Solidarity protest at University of
Against CAA and police brutality on
protesting students in India
By Sanam Roohi
On Friday, 20 December 2019 some 40 people
including students of University of Erfurt and Fachhochschule Erfurt, members
of the Max Weber Kolleg, and other concerned citizens and students from
Thuringia gathered in solidarity with the protestors and students of different
universities and educational institutes who were protesting against the discriminatory
Citizenship Amendment Act (CAA) 2019 and were met with brutal police violence
on 15 December 2019. Those gathered unequivocally condemned the highhandedness
of the government of India and this police brutality on protesters, in the
spirit of solidarity with the students and protestors in India.
Why protest CAA?
The Citizenship (Amendment) Bill 2019
was passed by the two houses of Indian Parliament and became an Act on 12
December 2019. The Act amends the existing Citizenship Act of 1955 to
explicitly make ‘illegal’ migrants from Pakistan, Afghanistan and Bangladesh belonging
to Hindu, Sikh, Buddhist, Jain, Parsi, and Christian religions who came to
India prior to 2014 as eligible for Indian citizenship. It ostensibly leaves
out of its purview persecuted Muslims from these countries, the Rohingyas from
Myanmar and Tamils from Sri Lanka. The Act is highly discriminatory and
arbitrary at best, violating secular ideals of the Indian constitution. Yet, if
taken together with NRC or National Register of Citizen, it will be devastating
for the social fabric of the country.
What is NRC?
India’s Home Minister Amit Shah has
reiterated time and again that the Citizenship Amendment will be followed by
the nationwide implementation of NRC by 2024 to throw out ‘infiltrators’ or
illegal immigrants. Once adopted, every person living in India will have to
prove with documents that they are a citizen of the country to have their names
included in this register. If they do not have requisite documents, they will
be deemed living illegally and stripped of their citizenship and thrown in
detention camps. We learn this from the limited enrolment of NRC in the North
East Indian state of Assam between February 2015 and August 2019 after which
almost 1.9 million people failed to get their name registered in the NRC and
many were put in camps.
Many poor citizens in India do not have
proper documents like birth certificate and because many have not finished
school, they do not have their school leaving certificates too. Not only will
NRC be an administrative nightmare for the bureaucracy it will create
unparalleled fear among Indian citizens. While Hindus too can be excluded from
the NRC, the Citizenship amendment act indicates that Hindus will get
citizenship even if they are illegal or without documents. But Muslims, unable
to prove their citizenship will be deemed illegal!
Taken together with the anti-Muslim
sentiments prevalent in India since the ruling right-wing Bharatiya Janata
Party came to power in 2014 and again in 2019, it has created a lot of fear among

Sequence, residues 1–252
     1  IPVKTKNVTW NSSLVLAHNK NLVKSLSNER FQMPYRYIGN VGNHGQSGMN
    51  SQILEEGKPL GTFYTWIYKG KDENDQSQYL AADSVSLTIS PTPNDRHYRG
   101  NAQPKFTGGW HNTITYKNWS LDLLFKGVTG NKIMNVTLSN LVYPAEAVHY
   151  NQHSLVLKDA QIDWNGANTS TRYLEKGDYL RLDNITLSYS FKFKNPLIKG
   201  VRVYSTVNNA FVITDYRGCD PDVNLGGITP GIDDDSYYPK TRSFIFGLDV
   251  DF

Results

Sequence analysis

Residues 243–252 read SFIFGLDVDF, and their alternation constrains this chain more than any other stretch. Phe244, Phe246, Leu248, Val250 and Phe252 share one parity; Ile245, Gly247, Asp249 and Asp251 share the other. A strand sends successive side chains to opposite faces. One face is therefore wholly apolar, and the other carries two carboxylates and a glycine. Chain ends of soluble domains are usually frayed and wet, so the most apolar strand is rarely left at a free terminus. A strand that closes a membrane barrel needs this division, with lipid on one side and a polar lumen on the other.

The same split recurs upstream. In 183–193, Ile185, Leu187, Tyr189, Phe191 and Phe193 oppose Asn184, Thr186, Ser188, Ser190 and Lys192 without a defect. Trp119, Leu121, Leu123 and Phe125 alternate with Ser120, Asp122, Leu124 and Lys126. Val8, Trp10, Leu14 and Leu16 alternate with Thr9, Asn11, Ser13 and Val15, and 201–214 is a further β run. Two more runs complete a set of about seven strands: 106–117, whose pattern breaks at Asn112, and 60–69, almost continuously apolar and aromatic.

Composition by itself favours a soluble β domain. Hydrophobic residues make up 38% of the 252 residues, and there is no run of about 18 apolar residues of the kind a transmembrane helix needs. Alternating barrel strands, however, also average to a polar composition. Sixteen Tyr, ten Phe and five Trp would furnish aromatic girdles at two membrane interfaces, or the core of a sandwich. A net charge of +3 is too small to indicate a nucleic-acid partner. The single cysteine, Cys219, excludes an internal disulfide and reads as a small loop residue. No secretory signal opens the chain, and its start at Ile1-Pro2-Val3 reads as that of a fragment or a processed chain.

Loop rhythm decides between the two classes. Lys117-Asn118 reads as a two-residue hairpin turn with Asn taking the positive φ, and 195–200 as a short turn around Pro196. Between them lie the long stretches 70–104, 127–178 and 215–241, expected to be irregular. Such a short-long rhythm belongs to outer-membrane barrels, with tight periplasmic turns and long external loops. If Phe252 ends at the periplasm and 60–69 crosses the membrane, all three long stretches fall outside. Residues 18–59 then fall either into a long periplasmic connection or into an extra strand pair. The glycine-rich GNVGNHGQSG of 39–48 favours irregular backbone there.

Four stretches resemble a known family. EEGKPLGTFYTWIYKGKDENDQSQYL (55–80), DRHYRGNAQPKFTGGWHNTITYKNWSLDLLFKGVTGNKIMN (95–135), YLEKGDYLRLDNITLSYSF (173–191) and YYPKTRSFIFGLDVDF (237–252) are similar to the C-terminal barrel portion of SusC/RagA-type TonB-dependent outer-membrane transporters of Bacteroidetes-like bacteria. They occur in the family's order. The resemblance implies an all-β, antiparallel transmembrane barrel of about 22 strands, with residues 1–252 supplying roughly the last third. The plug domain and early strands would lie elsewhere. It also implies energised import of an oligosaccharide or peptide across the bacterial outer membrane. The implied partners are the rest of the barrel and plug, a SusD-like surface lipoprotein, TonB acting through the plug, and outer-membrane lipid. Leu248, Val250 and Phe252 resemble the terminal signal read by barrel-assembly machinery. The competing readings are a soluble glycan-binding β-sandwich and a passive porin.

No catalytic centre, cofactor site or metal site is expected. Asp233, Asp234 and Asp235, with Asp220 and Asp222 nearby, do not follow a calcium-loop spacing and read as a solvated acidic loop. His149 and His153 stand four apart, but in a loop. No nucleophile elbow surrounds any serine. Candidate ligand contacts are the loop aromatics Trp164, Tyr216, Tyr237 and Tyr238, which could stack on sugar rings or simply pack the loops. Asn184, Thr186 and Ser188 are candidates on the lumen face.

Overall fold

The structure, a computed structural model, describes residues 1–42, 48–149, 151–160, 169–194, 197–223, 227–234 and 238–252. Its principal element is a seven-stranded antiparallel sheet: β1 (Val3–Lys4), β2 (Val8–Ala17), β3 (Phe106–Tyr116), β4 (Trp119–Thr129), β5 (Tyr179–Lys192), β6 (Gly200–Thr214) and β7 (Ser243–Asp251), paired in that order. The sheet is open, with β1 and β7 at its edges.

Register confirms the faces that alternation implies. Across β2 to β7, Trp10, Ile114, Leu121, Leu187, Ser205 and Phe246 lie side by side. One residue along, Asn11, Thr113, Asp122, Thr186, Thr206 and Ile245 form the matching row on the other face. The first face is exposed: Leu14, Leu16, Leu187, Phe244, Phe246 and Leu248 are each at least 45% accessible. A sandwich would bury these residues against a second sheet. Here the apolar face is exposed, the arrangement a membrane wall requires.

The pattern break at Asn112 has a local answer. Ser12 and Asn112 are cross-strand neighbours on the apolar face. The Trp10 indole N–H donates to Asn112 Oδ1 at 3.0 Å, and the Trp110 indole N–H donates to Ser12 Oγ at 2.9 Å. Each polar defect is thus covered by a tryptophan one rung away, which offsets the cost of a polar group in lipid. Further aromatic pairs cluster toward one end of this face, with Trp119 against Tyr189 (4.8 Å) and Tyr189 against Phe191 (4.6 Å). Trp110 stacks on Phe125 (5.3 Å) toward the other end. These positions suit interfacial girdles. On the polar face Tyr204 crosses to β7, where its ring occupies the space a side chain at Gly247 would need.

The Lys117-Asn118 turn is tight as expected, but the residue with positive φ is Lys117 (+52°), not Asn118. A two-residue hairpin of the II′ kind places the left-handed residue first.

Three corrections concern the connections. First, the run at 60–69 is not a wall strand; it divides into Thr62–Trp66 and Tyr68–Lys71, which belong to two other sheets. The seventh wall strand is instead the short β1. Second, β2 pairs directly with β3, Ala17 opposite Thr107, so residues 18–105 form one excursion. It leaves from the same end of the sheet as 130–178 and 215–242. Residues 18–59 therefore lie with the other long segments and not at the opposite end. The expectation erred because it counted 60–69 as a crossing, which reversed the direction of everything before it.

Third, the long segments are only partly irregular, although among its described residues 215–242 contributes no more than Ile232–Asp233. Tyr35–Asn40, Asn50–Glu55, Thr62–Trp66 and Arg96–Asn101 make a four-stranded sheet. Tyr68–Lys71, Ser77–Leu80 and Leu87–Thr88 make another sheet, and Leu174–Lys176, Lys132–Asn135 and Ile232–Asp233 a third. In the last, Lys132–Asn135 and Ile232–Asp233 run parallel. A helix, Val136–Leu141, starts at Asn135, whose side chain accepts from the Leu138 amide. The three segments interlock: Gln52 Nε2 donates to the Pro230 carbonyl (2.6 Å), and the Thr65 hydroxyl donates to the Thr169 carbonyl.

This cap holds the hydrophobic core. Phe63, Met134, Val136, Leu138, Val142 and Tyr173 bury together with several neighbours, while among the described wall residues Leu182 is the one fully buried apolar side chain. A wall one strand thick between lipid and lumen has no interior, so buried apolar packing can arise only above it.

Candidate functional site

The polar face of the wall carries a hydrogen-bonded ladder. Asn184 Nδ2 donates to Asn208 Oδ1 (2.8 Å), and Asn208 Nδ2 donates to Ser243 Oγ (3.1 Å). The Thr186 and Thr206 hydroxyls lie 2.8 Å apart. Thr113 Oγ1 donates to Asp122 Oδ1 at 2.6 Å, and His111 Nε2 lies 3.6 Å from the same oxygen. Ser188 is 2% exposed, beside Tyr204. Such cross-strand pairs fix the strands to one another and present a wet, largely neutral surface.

the Muslim citizens of the country.
Protests and police brutality
The passing of the bill to an Act was
followed by widespread protests from Indian citizens who argued that it goes
against the principle of secularism enshrined in the Indian constitution and
the Fundamental Rights guaranteed to everyone irrespective of their religion. Students
joined in the protest at some universities – prominent among them were Jamia
Milia Islamia University in Delhi and Aligarh Muslim University in Aligarh,
Uttar Pradesh. On the night of 15 December, the police stormed into these
university campuses, entered canteens, girls and boys hostels, prayer rooms and
libraries and physically assaulted students, including those who were not
protesting, to instil fear. Students were flushed out and campuses were vacated
in the middle of the night, some were arrested and the whereabouts of a few
Aligarh students is unknown. These incidents of police brutality inspired other
universities across India and abroad to join in the protest. Apart from
attacking university spaces, the police in large parts of central and Western
Uttar Pradesh, Mangalore in Karnataka and Assam opened fire killing more than
30 people, most of them in the state of Uttar Pradesh within 24 hours between
20-21 December 2019. The state government also arrested more than a thousand
protestors to instil fear.
Despite police brutality, the protests
have not stopped but spread from one city to another in the last one and a half
months. These protests are unprecedented in the history of independent India. It
is for the first time Muslim women, many of them wearing hijab have come out to
the streets to protest in large numbers, joined in sizeable numbers by
anti-right groups, left organisations, student bodies, lawyers groups, Sikh community
members and ordinary citizens who stand against the CAA and NRC. Shaheenbagh area
in Delhi has become a symbol of this non-violent resistance of the current
right-wing government. Women of Shaheenbagh have come out to protest against
the CAA and NRC and have shown exemplary spirit in taking care of each other in
turns as others sit out to protest. Women of other cities like Kolkata and
Mumbai have followed suit.
Meanwhile, the government has not only
continued with the CAA, it has also started rolling out NRC in Uttar Pradesh
and in Karnataka.